The Whitest Second Line I've Ever Seen

In my ongoing delight with all things New Orleanian I jumped on the bicycle this morning and took a ride up to the Brooklyn Bridge, where a NOLA-style Second Line parade was advertised for 10AM, "giving the Big Apple a taste of the Big Easy." At the Brooklyn end of the walkway various NOLAphiles were already in evidence, sporting Saints t-shirts, Mardi Gras beads and the parasols that are twirled during these traditional parades. For those that don't know, a Second Line is a celebratory parade in which dancers lead a growing and organic throng of marchers through the streets of New Orleans, invariably accompanied by a brass band (the actual "second line" [Oops, apparently only sometimes: see the comments, where my good friend CP, NOLA historian extraordinaire, has kindly checked in to qualify this observation]). Second Lines are often organized as memorials, or as part of funerals. The most ornate and well-organized showcase the various social aid and pleasure clubs, black fraternal organizations which provided emergency loans and assistance to the post-slavery Afro-American citizenry, attempting to counterbalance the almost total lack of any social, civic and banking services extended to them by the ruling white elite.

The Brooklyn Bridge Second Line seemed to have no particular purpose beyond an expression of pure and communal Easter weekend joy. Under a piercing blue sky a small troupe of musicians and dancers tromped and pranced up the boardwalk, to the bemusement and smiles of gaggles of international tourists taking advantage of the New York's greatest single free attraction, a Saturday morning stroll across the bridge.

It was an event that, it seemed to me, could scarcely have happened without facebook and the recent revolution of social media. Would the hundreds of strangers gathered there, united only in their Mardi Gras memories or one-time residencies in the Crescent City, ever have responded in such numbers to an announcement on the back page of the Village Voice, or flyers posted on telephone poles? Unlikely. In the barrage of tweets and links that descend each day I can't even remember exactly where or how I stumbled onto the news, but there I was, and what a delightful East River spring morning it turned out to be!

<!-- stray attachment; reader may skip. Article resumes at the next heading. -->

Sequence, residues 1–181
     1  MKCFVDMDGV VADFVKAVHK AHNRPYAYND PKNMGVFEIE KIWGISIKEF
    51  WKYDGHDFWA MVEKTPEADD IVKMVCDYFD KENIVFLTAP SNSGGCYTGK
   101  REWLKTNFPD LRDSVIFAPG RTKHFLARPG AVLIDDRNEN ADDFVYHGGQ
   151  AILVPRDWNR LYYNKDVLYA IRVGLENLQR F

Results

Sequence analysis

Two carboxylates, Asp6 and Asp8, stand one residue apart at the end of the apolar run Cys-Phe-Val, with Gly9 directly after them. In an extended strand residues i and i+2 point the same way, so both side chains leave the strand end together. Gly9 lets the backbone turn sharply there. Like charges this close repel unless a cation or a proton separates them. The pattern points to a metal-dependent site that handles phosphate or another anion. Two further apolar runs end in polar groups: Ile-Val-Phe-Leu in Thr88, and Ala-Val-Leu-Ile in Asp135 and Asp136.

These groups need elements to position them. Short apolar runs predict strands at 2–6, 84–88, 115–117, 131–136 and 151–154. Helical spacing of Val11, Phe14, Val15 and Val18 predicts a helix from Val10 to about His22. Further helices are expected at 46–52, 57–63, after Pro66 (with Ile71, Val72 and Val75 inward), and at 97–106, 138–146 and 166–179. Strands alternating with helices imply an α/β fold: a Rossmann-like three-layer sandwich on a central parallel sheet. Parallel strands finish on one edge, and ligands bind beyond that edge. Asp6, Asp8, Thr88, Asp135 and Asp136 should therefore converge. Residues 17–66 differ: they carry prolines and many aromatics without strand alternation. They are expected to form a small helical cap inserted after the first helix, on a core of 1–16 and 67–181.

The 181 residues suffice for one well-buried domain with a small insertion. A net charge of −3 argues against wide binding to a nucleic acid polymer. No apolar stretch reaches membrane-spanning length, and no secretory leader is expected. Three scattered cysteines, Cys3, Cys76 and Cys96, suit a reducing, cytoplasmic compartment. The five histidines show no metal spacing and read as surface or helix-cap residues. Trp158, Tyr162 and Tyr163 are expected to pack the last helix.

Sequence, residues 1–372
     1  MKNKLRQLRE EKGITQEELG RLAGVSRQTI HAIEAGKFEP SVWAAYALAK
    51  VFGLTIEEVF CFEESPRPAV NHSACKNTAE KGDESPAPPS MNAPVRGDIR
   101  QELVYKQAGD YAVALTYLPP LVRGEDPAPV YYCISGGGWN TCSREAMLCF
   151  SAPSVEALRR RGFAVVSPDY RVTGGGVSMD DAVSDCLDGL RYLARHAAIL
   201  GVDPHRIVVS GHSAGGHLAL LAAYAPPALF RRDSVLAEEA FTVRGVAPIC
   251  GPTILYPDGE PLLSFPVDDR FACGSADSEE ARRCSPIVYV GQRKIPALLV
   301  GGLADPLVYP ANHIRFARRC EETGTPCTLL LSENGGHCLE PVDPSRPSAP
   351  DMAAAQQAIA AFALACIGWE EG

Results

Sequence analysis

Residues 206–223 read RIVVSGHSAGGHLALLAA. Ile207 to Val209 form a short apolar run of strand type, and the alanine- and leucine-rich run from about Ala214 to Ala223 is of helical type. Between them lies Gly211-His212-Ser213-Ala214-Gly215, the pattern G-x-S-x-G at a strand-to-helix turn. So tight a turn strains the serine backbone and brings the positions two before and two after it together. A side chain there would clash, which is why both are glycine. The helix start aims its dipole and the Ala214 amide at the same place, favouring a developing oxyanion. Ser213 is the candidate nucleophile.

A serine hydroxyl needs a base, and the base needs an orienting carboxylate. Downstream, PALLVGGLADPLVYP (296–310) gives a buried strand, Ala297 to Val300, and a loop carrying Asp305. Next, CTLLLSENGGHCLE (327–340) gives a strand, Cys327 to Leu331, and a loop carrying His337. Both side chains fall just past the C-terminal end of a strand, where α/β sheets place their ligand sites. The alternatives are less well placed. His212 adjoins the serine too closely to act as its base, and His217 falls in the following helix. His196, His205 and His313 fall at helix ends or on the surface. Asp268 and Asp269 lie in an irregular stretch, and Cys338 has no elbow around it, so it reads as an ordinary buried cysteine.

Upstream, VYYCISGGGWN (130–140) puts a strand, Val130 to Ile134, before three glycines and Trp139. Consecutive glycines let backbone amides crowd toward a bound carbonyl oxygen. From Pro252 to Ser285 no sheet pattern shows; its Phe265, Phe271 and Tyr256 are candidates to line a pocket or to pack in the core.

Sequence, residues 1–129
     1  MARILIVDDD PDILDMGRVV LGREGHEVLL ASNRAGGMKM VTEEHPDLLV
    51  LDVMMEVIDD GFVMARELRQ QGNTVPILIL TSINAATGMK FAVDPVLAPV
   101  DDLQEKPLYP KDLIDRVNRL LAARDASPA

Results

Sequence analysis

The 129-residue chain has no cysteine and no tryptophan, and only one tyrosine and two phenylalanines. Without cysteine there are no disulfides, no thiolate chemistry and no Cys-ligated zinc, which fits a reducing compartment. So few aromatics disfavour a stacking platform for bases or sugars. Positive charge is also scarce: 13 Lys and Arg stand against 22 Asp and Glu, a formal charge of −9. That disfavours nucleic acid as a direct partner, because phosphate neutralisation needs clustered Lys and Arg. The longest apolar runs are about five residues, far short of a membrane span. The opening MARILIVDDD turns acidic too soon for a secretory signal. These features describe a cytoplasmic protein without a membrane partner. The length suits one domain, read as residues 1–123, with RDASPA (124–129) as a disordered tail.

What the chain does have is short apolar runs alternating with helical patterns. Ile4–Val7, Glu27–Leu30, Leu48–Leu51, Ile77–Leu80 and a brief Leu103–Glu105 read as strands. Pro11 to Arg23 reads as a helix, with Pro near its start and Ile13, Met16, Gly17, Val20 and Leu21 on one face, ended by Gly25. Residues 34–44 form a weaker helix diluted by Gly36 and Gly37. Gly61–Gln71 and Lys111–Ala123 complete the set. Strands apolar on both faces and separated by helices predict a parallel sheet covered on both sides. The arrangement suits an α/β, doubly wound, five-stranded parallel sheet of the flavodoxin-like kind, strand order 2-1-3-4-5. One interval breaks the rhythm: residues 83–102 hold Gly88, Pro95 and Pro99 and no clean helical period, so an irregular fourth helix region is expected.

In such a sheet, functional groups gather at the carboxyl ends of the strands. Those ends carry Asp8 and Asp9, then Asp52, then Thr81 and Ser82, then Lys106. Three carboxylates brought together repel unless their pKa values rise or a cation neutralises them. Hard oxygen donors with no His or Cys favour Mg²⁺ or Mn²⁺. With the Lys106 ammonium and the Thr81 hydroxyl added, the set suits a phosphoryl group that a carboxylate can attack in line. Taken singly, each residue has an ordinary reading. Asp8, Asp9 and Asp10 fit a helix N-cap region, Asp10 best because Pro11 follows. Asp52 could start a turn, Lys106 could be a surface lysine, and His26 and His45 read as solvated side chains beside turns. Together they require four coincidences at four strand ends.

Shireen said...

Lurve it!

Rik Panganiban said...

Good times dancing to a live NOLA-style brass band marching across the Brooklyn Bridge. Here's my own short footage of what it was like.


cph said...

I gotta say it, but the second line goes both ways. If a SA&P Club, they are the first line, accompanied by the band, followed by the second, though band considered second is also valid. For funerals, the body is the first with the band, followed by the second. This is told forty different ways of course, but the thees that jump in tend to compose the second. Historiography is a bitch; see also Jerah Johnson's "Jim Crow laws of the 1890s and the origins of New Orleans Jazz: correction of an error." Popular music 2000 vol. 19/2 (I'm not correcting or asserting I am right, there is just a gazillion repeats on takes...)

Anonymous said...

My take on it is that the 2nd line is the group that forms either behind or along side of the SA@P members and band. Basically, it's the hangers-on and wanna bes, who're not really "official" participants.